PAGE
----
Death and the Absurdity of Heaven

image02I remember, as an undergraduate, reading Spinoza for the first time. I came across the sentence, “The free man thinks of nothing less than death.” Spinoza meant, of course, that a free man never thinks about death.

But I managed to read the sentence in the opposite way. I took the phrase “nothing less” in the way you might say, “I want nothing less than the best cheesecake in the state.” I thought Spinoza was saying that the free man demanded the very best to think about. Death, obviously, tops that list.

I took it for granted that everyone thinks about death almost all of the time. On becoming a Catholic in my adulthood, I was excited by the prospect of joining the morbid parade of suffering souls trudging stolidly toward the grave, fingering our rosaries and muttering under our breath about the veil of tears.

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Back off, Man, I’m a Scientist

bill_murrayMy friend in graduate school used to groan as the holidays approached. His father was a surgeon whose every dinner table pronouncement about medicine was taken as authoritative. His sister was a lawyer, and her proclamations about whatever legal conflicts happened to be in the news were likewise greeted with unquestioning acceptance.

My friend lamented that our impending PhDs in political science garnered no such deference. Your uncle holds forth on the need to start a third political party, and is not dissuaded when you explain that America’s system of plurality elections and congressional districting is mathematically geared toward sustaining only two parties. Your brother, the avid talk-radio listener, exclaims that voters are going to punish Party X for bottlenecking legislation in the Senate Finance Committee, and rolls his eyes when you mention polling evidence that voters know little about congressional activity.

As Daniel Patrick Moynihan once said: “Everyone is entitled to his own opinion, but not his own facts.” We were dealing in facts, my friend and I, but our opinions were considered no more reliable than anyone else’s. This is why a part of me cheers that moment in Ghostbusters when Bill Murray’s character, a researcher named Peter Venkman, says to someone questioning his methods: “Back off, man. I’m a scientist.”

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Seeing and Being the Face of Christ

jesus-face11The Catholic church I attend is lovely. A wine brick building with a copper steeple in the English Gothic style, it is not only a city landmark, but listed in the National Register of Historic Places.

Perhaps it’s because of this pedigree that the sanctuary is maintained in a way that exudes warmth and welcome, but vigilantly avoids the cute, sentimental, or kitsch—the Christmas trees have no drug store baubles, the paschal lilies lack purple foiled pots, and the ambo is never hung with felt banners fashioned by kids.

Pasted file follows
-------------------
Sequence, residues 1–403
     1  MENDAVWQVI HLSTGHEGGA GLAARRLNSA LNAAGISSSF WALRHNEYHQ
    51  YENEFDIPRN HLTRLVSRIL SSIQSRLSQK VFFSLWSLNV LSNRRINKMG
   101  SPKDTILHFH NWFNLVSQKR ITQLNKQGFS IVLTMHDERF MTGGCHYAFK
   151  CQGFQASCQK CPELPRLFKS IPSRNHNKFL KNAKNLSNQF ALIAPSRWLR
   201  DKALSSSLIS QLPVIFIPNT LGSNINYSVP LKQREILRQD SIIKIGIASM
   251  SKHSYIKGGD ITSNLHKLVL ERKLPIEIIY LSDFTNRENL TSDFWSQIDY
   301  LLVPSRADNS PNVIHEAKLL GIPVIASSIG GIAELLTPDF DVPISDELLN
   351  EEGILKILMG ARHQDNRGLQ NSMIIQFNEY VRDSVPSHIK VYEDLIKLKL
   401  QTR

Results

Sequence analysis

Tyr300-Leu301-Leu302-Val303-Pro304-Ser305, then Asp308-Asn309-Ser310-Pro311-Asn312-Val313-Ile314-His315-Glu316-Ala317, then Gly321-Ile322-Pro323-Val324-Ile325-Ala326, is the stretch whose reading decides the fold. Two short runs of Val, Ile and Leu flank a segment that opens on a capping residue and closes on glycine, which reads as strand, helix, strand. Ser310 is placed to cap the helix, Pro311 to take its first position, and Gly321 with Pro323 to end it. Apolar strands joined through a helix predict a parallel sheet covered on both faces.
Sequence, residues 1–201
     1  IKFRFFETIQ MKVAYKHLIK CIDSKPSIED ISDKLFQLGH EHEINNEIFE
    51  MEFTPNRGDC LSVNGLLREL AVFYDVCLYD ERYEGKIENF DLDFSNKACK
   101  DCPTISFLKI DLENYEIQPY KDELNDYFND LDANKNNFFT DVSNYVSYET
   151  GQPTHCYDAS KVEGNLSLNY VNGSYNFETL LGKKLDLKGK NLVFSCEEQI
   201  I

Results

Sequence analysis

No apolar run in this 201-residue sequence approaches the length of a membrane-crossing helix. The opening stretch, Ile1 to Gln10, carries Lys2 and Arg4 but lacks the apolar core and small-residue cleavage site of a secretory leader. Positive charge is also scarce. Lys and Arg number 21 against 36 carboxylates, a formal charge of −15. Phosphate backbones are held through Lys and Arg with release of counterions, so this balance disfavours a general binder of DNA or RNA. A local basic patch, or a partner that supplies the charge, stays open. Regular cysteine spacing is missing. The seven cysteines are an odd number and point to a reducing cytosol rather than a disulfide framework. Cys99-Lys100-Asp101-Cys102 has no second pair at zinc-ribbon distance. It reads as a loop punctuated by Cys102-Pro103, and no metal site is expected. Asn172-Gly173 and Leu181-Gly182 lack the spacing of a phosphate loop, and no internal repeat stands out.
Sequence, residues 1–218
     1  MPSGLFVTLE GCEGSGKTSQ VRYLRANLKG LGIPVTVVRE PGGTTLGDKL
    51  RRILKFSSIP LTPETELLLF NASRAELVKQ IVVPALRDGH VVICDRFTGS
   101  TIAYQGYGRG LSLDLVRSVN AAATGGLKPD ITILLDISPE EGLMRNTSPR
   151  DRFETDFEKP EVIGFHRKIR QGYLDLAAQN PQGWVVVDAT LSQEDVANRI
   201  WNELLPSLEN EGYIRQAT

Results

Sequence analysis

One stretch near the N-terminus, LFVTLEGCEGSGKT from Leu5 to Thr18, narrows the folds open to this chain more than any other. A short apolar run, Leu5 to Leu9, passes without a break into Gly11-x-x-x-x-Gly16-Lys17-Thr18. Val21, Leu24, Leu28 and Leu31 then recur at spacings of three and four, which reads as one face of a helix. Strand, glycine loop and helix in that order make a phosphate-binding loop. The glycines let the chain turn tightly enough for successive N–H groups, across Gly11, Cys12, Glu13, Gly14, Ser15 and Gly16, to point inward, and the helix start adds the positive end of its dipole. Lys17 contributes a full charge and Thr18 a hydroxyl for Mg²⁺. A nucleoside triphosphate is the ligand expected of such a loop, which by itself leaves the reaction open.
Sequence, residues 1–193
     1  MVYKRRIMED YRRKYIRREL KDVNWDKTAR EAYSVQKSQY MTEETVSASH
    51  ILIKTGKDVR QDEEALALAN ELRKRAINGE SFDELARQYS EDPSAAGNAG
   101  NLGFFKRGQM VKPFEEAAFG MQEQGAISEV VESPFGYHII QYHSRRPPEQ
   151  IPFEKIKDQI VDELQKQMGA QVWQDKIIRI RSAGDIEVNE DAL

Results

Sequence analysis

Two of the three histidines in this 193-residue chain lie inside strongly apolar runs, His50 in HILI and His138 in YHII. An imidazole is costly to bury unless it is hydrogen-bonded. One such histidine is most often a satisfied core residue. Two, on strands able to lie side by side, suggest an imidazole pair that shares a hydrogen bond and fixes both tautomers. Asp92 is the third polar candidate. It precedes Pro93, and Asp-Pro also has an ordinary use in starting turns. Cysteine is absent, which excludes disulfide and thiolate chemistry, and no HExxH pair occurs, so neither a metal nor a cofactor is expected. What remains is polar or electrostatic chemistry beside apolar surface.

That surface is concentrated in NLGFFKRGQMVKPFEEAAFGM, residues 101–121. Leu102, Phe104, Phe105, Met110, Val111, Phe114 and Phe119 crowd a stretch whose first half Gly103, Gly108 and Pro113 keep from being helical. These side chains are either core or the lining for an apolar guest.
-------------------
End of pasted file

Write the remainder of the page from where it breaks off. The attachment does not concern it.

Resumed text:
This is why I was surprised to encounter a man-tall sandwich board in the nave last Sunday: white with large black letters—“Seeing the Face, Being the Face”—together with a line drawing of an androgynous cloaked head.

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Apocatastasis at the Essex

bostonessex-400x600“You have to choose the places you don’t walk away from.” —Joan Didion

This one’s for Sarinah Viya Kalb, who was there. With love.

And so the season of death returns: the leaves now in their last burst of red and gold before starting their descent, and at night, sometimes, a stiff wind scuttling down my hilltop street. From now until Easter—Pascha, as we Orthodox have it, signifying both Passover and passage—is the evocative time of the year for me, and I’ve written about it on “Good Letters” so many times before that I’m afraid I’ve become an annual broken record. (But Mommy, Anna Maria asks, What is a record?)

I want to tell you about a religious experience I had, in this season, about thirty years ago.

I say “religious” in contradistinction to the more acceptable, these days, designation of “spiritual.” (More than one friend of mine and I have joked about our desire to print Café Press T-shirts that avow that we are “Religious But Not Spiritual.”)

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Epic Tales: an Interview with Amit Majmudar, part 2

Claude_Lorrain_024Guest post by Sarah Arthur

Continued from yesterday. 

SA:  In your essay “Me and the Monotheists,” you say that even though you are a Hindu, many Christians seem to warmly welcome your poetry (e.g., I’ve included your poem “Incarnation” in the anthology Light Upon Light). You say this is primarily about “aesthetic resonance”—particularly with imagery—but you also point to the English language itself as being encoded with biblical influence.

And yet not every contemporary English-speaking poet writes this way. Can you elaborate?

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